February 22, 2020

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Improving Your Trust Quotient: Corporate Legitimacy Challenges in a Global Economy

Despite the challenges there is much corporations can do to improve their trust quotient among stakeholders and consumers.


By Dorothée Baumann-Pauly

Part of the Managing Corporate Legitimacy series

Managing corporate legitimacy means managing public perception. Traditionally, corporate communication and marketing functions are concerned with creating a public image of the corporation that is widely acceptable. In a global economy, however, managing public expectations and shaping public perceptions through traditional tools like PR and marketing has become a challenge for many corporations. Here are some of the reasons:

Difficult Tradeoffs as Number of Corporate Stakeholders Grows

The number of corporate stakeholders is growing. Their demands are highly diverse and sometimes even conflicting.Pluralism of public expectations means that corporations need to make difficult trade-offs.

Corporations can respond to some stakeholder demands but not to all. Whatever response corporations choose, it may satisfy some stakeholders but most likely provoke others. For example, the interest of human rights NGOs that demand investing in establishing international labor standards in the corporation’s global supply chains and the interest of shareholders in short-term wins may Trustnot be reconcilable.

Corporate Transparency is Growing

Corporations can no longer hide. Transparency over corporate conduct, even in the most remote regions of our planet, is growing. Networked civil society groups can publish critical news about corporate conduct through the internet within seconds. Access to the internet has empowered local advocacy groups.

For example, the ongoing allegations of poor working conditions at Foxconn, an Apple supplier, were triggered by a report from SACOM (Students and Scholars Against Corporate Misbehavior), a Hong Kong-based advocacy group.

Reporting Criteria Standards are Rising

New reporting criteria require a higher quality of transparency. Credible reporting on the social and environmental impact of business is based on benchmarks and metrics for core business processes.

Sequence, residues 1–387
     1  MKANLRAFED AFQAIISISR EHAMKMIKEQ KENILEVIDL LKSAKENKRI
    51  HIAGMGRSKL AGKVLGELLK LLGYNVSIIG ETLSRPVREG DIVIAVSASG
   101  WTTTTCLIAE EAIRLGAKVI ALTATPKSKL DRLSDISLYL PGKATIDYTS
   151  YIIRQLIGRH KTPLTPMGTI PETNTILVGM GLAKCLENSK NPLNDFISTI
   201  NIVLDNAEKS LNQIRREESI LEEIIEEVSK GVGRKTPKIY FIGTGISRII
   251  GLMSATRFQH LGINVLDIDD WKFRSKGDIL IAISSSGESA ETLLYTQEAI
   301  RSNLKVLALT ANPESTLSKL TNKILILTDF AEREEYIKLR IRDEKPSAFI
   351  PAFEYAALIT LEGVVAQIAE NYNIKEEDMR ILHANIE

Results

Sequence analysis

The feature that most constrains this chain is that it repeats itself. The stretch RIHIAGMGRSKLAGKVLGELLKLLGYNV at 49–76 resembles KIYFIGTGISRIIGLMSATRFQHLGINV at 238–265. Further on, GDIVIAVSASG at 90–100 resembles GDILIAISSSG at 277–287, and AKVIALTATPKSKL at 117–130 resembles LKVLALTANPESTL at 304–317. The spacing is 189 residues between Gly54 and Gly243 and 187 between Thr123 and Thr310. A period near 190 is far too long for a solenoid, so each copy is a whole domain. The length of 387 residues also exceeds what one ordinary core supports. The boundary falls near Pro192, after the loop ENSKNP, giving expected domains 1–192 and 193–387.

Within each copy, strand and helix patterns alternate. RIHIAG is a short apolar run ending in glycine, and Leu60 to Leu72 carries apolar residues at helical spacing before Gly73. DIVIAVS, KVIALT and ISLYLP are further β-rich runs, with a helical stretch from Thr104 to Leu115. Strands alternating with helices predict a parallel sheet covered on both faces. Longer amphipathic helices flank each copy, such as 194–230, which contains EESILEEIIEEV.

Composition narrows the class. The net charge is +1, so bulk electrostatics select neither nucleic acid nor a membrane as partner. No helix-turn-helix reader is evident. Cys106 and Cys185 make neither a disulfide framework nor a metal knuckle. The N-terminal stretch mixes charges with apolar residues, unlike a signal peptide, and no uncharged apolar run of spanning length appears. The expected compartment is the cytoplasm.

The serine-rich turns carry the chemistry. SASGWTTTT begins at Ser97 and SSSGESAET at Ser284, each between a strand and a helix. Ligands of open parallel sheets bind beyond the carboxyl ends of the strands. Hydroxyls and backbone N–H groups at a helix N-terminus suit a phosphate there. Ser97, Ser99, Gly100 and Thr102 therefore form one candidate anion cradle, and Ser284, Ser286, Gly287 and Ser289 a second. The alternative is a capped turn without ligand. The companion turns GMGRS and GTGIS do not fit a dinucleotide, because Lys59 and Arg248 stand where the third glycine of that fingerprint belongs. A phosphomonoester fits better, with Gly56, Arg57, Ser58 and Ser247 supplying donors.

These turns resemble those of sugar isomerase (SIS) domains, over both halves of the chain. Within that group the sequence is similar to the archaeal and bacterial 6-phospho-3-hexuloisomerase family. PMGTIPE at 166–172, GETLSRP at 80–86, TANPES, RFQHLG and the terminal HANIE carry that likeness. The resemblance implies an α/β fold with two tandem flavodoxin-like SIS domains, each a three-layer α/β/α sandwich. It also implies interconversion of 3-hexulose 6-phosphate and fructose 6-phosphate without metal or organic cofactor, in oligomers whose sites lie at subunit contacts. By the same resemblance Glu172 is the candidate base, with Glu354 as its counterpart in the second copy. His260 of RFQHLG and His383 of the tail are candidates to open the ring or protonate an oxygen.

The latest version of reporting guidelines from the Global Reporting Initiative, the G4 Sustainability Reporting Guidelines, ask corporations to base reporting on key performance indicators that measure the material issues for their business.

How to define what is material for each company still needs to be clarified; but given the ongoing evolution of reporting requirements in the past years, narratives about pilot projects will no longer do the job.

Consumers Want Corporate Responsibility

Irresponsible corporate conduct makes headlines. Consumers globally are increasingly sensitive to poor corporate conduct. They expect corporations to operate responsibly and respect social and environmental standards.

According to the 2013 Nielsen Global Consumer Survey, 50% of consumers say they are willing to pay more for goods and services from socially responsible companies. While there might still be a disconnect between what consumers say in surveys and what they CSR-shoppingindeed purchase, the survey’s findings highlight that the public is, at least in principle, interested in the way how businesses operate.

Influence of Social Media High

Social media are increasingly influential. Through dialogue on social media platforms like Facebook or Twitter, public perception about corporations forms and evolves. Corporations eager to please critical stakeholders deal with moving targets and media channels they cannot easily control.

Trust in Corporations Low